Let's call the first colleague Gary. He was a large-gutted, lubberly fellow who liked to make noise and who disappeared into the coffee room whenever he had a big project to do. He was a guy's guy, meaning that he used the word “guy” like it was a title of office. What he liked, and what he made noise about, were all things that stand-up comedians cite as guy things: beer, video games, tit spots on TV.
We worked side by side, not in cubicles but at computer monitors stationed along a single long table. Gary, highly ambitious but not energetic, had been thrown a bone in the way of layout duties for a side publication attached to our newspaper. Back then layout was done on paper, and in Gary's case it was done with the help of a metal yardstick that he had brought from home. The yardstick was too big for the space, not to mention the sheets of paper he worked with, but he loved it anyway.
I was promoted, an ascent that came with a move to the other side of the table, nearer the managing editor. My replacement, hired from outside, took my old place next to Gary. Let's say her name was Dolly. She was a skipping, simpering thing who was too old, too wide and too homely for the mannerisms she affected. A woman in her 30s, she called herself a girl, and like Gary with guy she treated the term as a badge that singled her out from the herd. “We girls,” she would say, simpering. She was a feminist, but a feminist of a third-wave, double-reverse sort who made a fetish of liking things that many women have liked over the years: pumps, pearls, broad-shouldered men.
You can see the parallels between Dolly and her new seatmate. Here are some more. Dolly hated to work and she was desperate for attention from our office's social elite. These were the reporters, most of them a few years younger than Dolly and none of them all that much interested in a middle-aged woman with a flat face. Gary longed for their attention too. He was much more successful at getting it, largely because he was a noisy, swaggering man and so were they, for the most part.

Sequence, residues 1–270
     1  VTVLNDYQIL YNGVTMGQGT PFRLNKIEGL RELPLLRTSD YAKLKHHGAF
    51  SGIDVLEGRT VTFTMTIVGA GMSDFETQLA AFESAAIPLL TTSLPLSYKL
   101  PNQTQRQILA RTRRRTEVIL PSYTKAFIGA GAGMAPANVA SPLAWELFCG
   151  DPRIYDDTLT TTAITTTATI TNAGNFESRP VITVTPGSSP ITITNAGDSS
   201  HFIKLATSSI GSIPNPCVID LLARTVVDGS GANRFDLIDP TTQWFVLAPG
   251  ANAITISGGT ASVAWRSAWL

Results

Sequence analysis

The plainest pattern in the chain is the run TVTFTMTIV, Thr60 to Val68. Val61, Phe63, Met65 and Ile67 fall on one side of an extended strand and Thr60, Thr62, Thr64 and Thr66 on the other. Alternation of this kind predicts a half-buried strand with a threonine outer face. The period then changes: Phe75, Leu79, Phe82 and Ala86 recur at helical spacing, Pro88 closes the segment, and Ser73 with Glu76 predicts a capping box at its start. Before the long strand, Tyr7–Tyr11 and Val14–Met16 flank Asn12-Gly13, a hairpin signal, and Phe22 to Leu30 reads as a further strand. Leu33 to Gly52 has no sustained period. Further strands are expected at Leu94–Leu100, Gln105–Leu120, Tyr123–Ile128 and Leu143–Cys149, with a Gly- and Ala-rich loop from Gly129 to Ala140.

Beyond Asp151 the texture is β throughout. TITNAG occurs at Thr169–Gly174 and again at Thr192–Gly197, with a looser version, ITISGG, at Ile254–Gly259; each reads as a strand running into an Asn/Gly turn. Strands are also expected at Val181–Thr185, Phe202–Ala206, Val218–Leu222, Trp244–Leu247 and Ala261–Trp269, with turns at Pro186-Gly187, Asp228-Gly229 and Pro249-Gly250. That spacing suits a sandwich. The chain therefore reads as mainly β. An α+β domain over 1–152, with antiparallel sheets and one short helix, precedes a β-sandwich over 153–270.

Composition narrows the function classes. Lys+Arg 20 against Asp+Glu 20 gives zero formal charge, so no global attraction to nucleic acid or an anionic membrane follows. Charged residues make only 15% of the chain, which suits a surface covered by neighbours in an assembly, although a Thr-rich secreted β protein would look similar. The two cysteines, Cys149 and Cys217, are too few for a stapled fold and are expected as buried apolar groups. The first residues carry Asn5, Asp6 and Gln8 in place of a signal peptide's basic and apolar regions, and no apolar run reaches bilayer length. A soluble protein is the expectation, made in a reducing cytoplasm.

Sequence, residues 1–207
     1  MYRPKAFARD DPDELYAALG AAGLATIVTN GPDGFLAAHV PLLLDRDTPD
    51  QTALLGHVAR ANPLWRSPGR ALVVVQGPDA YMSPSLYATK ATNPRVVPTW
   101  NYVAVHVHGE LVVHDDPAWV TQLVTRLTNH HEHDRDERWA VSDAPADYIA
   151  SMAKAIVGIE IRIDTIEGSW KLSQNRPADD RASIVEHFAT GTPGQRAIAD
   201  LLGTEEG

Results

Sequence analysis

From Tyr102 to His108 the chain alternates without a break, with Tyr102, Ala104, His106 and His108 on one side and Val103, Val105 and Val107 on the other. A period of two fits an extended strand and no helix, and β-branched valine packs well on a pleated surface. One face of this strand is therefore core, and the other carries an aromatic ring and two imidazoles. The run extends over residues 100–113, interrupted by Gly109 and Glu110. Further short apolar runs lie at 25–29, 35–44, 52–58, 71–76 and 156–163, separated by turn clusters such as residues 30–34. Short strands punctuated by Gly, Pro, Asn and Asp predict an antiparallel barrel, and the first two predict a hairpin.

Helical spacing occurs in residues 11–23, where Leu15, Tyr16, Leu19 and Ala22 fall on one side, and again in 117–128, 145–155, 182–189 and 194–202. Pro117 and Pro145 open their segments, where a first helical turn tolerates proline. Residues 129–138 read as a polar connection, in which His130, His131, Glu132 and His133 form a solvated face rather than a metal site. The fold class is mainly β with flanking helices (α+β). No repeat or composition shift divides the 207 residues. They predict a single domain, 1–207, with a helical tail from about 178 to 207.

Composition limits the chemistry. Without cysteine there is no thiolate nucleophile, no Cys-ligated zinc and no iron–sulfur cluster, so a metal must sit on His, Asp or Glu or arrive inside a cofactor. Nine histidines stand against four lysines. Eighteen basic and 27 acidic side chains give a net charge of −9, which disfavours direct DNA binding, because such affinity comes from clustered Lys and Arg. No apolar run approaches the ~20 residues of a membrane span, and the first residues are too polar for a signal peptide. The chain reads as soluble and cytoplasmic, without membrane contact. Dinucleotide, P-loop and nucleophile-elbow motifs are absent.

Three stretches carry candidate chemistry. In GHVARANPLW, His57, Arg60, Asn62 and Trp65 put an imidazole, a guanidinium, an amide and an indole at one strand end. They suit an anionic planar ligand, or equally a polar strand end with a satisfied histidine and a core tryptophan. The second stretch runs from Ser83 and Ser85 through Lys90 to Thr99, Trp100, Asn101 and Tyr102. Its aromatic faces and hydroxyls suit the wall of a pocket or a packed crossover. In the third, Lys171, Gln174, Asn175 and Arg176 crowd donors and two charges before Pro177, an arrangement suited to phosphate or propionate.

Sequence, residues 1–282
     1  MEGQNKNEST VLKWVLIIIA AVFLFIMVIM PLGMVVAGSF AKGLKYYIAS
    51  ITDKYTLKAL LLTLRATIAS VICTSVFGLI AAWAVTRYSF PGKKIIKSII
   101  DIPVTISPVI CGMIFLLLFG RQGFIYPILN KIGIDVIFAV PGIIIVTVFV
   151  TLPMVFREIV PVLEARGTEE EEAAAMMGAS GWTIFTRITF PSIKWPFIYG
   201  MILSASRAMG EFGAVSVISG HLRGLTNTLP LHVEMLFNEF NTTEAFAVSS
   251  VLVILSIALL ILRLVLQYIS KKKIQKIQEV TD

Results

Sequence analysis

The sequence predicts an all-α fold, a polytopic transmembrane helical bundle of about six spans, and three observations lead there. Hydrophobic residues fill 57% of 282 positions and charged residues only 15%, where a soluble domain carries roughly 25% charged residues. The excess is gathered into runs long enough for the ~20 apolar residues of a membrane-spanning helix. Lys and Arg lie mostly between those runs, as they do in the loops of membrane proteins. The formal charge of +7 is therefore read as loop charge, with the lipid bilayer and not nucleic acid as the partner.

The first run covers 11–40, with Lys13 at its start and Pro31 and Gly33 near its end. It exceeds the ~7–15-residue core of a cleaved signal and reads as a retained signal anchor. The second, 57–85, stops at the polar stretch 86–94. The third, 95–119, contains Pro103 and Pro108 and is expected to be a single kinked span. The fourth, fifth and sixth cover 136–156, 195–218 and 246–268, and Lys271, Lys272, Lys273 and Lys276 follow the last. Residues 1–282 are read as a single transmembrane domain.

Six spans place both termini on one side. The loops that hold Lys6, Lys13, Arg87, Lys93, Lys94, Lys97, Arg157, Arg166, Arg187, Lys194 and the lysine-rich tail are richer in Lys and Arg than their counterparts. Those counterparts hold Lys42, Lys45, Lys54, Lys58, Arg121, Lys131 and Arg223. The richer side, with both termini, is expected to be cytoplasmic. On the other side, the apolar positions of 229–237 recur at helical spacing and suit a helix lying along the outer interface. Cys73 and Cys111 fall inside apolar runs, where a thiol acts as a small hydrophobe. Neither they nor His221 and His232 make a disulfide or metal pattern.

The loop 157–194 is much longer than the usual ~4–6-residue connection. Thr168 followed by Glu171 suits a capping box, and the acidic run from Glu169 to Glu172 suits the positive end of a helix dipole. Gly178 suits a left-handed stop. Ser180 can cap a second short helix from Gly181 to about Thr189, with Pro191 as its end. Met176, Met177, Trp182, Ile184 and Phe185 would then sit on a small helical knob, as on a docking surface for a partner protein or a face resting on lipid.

Dolly and Gary didn't sit next to each other for long. Gary had managed to become roadkill in a corporate shakeout. He soon gave notice and then spent a couple of weeks at his natural métier, that of sitting around and gossiping. Then he was gone.
Dolly stuck around. One time she recalled Gary to me. She was struck by how little class he had shown. “You know, he was nice to everybody else just because he knew them and they were all buddies, and I was new and he wasn't going to be around, so he didn't have to be nice to me,” she said, with what I suspect was complete accuracy. “And one time,” she said, “one time...” And she described the incident. One time her newspaper or bagged lunch or pocket book had strayed into Gary's zone of the desk. He took his mighty yardstick and whacked Dolly's side of the desk, whacked it hard. “My space,” he said. “My space.” I'll note that he was a couple of heads taller than Dolly and perhaps 100 pounds heavier.
Years passed. Dolly still put in her time, dodging work as best she could. Regimes came and went, and salaries and standards slowly collapsed. Which is to say that Dolly was eventually promoted and spent a few months as a reporter, on our very easiest beat, before scuttling out the door to avoid the sweep of the latest new broom. Before she went she told me another story. One of our newest reporters was a burly working-class fellow who was paid very little but soon proved to be smarter and harder-working than either Dolly or the departed Gary. Not that Dolly noticed. What struck her about him was this: she would be rude to him and he wouldn't seem to notice. She would condescend to him and sneer, and he would smile and thank her. It baffled her.
Why did she condescend to him and sneer? Dolly explained this in passing, as an everyone-knows kind of thing. “I mean,” she said, “I wasn't going to be working with him, so who cares?"